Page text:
Review: ‘The Fundamentals of Caring’ stumbles down the road more traveled


“The Fundamentals of Caring” is a strained, overly familiar tale of catharsis and redemption. Stars Paul Rudd and Craig Roberts work hard but are torpedoed by writer-director Rob Burnett’s wanting script (adapted from the novel by Jonathan Evison), thudding stabs at buoyancy and sluggish pacing.

Ben (Rudd), an ex-novelist and newly minted caregiver, starts working for Trevor (Roberts), an acerbic 18-year-old with muscular dystrophy and a hovering mother (Jennifer Ehle). That Ben and Trevor bond as fast as they do limits the potential tension but hey, these two have a road trip to take. Of course they do.

Unfortunately, the movie sputters once they leave Seattle in search of such offbeat roadside attractions as “The World’s Deepest Pit.” En route, they pick up an inexplicably foul-mouthed teen hitchhiker (an unconvincing Selena Gomez) who the virginal Trevor will, natch, fall for. They next rescue a stranded, very pregnant bumpkin (Megan Ferguson) who will ultimately — and not too plausibly — provide Ben a chance to help square his traumatic past.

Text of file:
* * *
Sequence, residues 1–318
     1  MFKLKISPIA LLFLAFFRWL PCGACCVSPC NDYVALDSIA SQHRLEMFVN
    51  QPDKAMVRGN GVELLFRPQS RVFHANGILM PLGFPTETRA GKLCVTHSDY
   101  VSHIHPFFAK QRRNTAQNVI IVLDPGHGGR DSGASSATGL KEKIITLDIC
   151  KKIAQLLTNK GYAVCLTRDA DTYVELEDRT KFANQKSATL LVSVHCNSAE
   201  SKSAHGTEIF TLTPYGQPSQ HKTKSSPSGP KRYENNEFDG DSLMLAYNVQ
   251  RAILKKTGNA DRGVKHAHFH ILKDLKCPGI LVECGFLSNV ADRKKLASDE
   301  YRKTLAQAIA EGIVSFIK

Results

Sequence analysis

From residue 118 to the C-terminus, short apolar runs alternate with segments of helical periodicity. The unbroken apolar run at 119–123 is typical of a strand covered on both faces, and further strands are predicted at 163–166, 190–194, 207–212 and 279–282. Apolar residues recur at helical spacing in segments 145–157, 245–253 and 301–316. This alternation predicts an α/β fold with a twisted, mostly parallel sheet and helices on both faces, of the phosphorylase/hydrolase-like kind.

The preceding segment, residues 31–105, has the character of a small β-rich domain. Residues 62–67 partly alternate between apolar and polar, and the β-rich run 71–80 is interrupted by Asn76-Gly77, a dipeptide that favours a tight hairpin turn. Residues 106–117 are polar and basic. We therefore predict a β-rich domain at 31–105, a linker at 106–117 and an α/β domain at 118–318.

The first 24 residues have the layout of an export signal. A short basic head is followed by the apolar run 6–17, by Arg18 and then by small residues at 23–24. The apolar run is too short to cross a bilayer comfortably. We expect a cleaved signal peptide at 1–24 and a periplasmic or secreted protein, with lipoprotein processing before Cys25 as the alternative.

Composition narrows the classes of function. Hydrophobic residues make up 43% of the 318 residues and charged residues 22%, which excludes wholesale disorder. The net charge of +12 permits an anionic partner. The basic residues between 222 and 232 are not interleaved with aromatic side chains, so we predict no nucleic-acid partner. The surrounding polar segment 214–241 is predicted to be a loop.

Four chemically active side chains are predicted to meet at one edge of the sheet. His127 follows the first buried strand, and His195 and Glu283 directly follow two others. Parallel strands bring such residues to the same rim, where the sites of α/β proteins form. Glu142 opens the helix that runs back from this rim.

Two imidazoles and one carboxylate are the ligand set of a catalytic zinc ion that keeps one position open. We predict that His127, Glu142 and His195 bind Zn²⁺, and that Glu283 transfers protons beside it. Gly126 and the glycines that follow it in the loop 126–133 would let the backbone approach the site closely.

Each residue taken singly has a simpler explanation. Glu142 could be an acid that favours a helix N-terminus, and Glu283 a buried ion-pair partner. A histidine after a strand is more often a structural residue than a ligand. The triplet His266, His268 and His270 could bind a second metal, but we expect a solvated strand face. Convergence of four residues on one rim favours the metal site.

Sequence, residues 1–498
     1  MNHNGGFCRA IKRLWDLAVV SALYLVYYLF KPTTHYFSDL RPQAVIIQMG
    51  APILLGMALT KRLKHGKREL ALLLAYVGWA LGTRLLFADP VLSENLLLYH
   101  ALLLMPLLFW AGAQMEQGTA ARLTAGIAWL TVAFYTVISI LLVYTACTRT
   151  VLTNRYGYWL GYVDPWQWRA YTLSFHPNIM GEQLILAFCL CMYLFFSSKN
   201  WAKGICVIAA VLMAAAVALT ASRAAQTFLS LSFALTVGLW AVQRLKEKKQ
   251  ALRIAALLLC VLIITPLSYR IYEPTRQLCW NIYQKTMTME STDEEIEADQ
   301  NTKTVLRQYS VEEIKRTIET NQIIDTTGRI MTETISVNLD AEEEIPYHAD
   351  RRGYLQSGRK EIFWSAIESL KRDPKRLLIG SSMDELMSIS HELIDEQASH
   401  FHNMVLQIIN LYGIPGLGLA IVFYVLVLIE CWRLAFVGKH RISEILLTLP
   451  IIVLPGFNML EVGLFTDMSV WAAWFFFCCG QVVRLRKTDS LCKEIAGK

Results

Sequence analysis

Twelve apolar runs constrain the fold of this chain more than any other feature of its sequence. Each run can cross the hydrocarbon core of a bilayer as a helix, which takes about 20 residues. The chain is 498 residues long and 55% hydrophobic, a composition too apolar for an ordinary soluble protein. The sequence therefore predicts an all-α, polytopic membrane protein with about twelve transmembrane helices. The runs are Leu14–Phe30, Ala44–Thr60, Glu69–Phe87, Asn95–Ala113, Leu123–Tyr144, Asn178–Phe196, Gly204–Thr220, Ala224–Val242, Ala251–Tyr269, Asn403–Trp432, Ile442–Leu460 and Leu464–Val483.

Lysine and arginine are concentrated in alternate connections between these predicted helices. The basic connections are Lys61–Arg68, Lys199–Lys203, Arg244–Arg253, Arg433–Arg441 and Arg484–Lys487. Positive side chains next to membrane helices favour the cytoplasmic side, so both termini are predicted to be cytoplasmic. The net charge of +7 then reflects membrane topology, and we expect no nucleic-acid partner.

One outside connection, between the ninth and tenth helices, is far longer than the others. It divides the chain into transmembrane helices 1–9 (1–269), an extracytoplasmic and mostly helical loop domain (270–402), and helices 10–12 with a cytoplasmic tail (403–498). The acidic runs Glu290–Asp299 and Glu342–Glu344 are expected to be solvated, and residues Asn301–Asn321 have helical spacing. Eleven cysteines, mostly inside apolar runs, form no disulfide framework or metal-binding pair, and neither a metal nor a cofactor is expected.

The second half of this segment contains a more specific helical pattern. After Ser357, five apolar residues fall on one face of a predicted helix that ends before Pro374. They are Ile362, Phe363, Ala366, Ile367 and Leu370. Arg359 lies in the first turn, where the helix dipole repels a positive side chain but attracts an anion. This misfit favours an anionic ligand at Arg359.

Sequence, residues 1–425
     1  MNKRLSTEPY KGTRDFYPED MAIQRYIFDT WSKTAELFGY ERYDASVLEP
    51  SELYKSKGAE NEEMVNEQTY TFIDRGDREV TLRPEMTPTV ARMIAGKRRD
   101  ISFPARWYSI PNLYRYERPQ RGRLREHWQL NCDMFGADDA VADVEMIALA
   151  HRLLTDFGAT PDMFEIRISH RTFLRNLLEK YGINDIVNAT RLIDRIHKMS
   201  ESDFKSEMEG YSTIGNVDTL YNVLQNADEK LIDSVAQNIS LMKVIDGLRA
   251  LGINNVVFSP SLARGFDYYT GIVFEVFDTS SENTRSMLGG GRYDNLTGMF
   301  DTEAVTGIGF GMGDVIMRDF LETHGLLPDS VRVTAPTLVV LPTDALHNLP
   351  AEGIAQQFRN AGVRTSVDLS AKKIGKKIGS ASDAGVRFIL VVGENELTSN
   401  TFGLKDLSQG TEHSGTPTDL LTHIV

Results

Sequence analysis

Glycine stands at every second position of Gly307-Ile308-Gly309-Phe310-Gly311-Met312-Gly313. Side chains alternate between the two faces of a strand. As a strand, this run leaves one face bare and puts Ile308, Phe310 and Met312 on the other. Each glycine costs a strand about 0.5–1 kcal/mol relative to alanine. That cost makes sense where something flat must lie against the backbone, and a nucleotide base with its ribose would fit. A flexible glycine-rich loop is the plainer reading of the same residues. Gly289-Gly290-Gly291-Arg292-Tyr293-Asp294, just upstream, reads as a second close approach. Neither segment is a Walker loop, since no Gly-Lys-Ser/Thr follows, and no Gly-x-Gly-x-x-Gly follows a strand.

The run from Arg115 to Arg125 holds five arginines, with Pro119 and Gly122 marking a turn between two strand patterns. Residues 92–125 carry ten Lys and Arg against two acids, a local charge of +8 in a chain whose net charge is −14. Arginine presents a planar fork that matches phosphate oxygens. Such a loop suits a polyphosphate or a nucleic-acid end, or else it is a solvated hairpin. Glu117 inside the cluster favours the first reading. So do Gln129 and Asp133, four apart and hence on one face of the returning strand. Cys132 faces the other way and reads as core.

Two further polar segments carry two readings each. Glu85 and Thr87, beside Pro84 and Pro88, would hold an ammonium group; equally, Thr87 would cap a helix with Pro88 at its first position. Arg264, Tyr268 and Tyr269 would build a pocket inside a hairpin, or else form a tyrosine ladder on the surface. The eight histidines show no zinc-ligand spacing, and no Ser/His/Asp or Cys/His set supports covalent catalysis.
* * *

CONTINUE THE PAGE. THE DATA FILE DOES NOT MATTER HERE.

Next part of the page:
Also on this tour of movie road-trip tropes: an ill-fated visit between Trevor and his estranged father (Frederick Weller) that includes a predictable non-twist.

Although Trevor’s disability feels authentically handled by Burnett and the able-bodied Roberts, it may raise the question (as did the recent “Me Before You”): Was no disabled actor available to play this part?


‘The Fundamentals of Caring’

Not rated

Running time: 1 hour, 33 minutes

Playing: Laemmle Town Center 5, Encino. Also on Netflix.